By Steve Morgan
There's no substitute for experience. It's small wonder then that Amna Rafiq has proved such a hit in her work getting girls – particularly those from Asian backgrounds – in to cricket.
Though only 20, Amna has seen enough from forging a path in the game herself to know just what is needed to help tomorrow’s Amnas.
Her work as community engagement officer for Leicestershire – she celebrated a year in the post earlier this summer – has proved inspirational for opening doors to those whose familial or cultural circumstances often make the game hard to access.
As an aspiring cricketer growing up in Barnsley – older brother Azeem made headlines in June 2012 as Yorkshire’s youngest captain – Amna made her way through the white-rose county’s set-up while a prime mover in establishing a girls’ section at her own side, Barnsley CC. She also started coaching at 13 as part of Yorkshire’s Young Leadership Academy – where she was the only girl.
“It was the chance to avoid people facing what I faced as a kid,” she says of her Barnsley CC days. “Not having enough girls to set up a girls’ team – just trying to get more and more girls into cricket, basically, so they could have that opportunity. We did end up having a girls’ team at Barnsley and then we got sponsors, kit... it just felt really good.”
That determination and ability to get things done – with support from her family and Barnsley CC – proved a watershed in Amna’s own approach to cricket. Though she still plays for Leicestershire when work allows, what drives her is helping others. Winner of a NatWest OSCA when she was just 16, she has been shortlisted for this September’s Asian Cricket Awards. Her nomination for the latter came in part off the back of a six-week spell of community work for a Muslim girls’ school in Leicester.
“First of all it was hard to get the girls into cricket, because it’s just not seen in that culture as the norm for girls to attend,” says Amna. “In the first week, we had five. In the second week, it went up, then it went up again and we ended up with 22 girls across the six weeks.” Now the girls have joined forces with Leicester Caribbeans CC and have their own section there.
It’s not just the enjoyment of the game for the game’s sake: for Amna, cricket acts as a gateway for personal and emotional development, a crucial factor in any teenager’s life. “They have obviously enjoyed the cricket,” she adds, “but it’s also about getting them to come out, away from their homes and do something else.”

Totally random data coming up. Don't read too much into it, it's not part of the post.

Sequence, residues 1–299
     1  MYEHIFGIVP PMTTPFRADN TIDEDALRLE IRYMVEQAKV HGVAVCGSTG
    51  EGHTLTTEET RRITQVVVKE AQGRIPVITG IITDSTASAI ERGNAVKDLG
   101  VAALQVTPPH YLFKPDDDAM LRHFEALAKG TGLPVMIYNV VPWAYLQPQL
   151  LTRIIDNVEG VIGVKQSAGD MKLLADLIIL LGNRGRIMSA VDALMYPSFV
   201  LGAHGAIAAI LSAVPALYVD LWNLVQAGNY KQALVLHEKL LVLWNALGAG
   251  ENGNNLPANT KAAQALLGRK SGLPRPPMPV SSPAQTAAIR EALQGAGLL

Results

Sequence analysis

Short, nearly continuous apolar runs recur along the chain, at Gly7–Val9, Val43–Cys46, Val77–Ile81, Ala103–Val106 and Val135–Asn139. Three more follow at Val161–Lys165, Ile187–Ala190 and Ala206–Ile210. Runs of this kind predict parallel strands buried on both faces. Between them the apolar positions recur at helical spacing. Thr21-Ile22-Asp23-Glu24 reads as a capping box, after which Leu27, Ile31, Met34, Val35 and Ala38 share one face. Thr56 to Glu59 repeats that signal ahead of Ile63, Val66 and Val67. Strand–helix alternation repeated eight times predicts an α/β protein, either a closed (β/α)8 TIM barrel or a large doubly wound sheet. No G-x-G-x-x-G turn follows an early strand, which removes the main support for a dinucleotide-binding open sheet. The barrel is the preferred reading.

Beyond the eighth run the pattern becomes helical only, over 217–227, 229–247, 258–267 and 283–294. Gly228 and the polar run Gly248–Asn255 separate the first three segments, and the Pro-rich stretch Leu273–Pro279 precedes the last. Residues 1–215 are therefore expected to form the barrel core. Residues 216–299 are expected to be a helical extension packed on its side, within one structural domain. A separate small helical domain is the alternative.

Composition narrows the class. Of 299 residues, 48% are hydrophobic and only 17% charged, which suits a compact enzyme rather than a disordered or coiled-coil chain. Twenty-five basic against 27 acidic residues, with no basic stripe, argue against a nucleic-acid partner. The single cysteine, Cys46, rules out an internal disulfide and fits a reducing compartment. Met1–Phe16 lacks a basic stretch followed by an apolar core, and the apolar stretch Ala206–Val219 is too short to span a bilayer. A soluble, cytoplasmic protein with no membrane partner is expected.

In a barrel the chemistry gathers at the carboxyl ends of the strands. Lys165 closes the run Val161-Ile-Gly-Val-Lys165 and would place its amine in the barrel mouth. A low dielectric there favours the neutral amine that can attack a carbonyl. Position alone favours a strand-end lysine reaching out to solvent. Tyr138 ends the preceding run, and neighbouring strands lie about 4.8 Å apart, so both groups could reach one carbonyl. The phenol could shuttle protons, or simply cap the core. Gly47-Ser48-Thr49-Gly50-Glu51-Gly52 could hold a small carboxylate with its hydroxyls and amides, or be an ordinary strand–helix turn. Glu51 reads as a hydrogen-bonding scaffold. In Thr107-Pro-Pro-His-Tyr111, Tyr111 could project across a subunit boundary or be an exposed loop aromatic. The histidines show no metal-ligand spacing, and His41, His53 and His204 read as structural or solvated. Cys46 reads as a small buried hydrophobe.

After she’d finished the course, Amna received a lengthy thank-you letter from the girls. “They said the biggest thing was being able to speak to me about anything and everything – that I understood not only their cricket, but their lives, the stuff that they face. They call me their sister!” she smiles.
That accolade, especially for a young woman whose own family ties are so strong, makes the hard yards worth the while. Amna is also heavily involved in the current Search for a Star initiative, a scheme run by Leicestershire under the aegis of Amna’s mentor Wasim Khan, the county’s chief executive, which aims to give Asian cricketers aged between 16 and 24 the chance of a summer contract.
About more than playing
“Until I moved to Leicester, I don’t think I’d realised how lucky I and my family are,” Amna says.
“Some people have to work really, really hard for what they’ve got. The thing is there are a lot of really good cricketers out there and some of them are missing out.
“As an Asian coming from that background, the biggest barrier I want to break down is that if you have a daughter who wants to play cricket – allow her to do it because it’s about so much more than just playing the game.”
To illustrate, Amna tells the story of one of her Leicester school girls who was mascot for a recent England women’s game as a reward for attending all the sessions. “I thought she was going to pass out!” she says. “She’d never been to a ground or anything, it was such a big thing for her and something so easy to take for granted.”
The 2016 Asian Cricket Awards take place at the Kia Oval on Friday 23 September. The awards celebrate contributions to the game by British Asian players, coaches, volunteers and administrators. For more details, visit www.asiancricketawards.co.uk.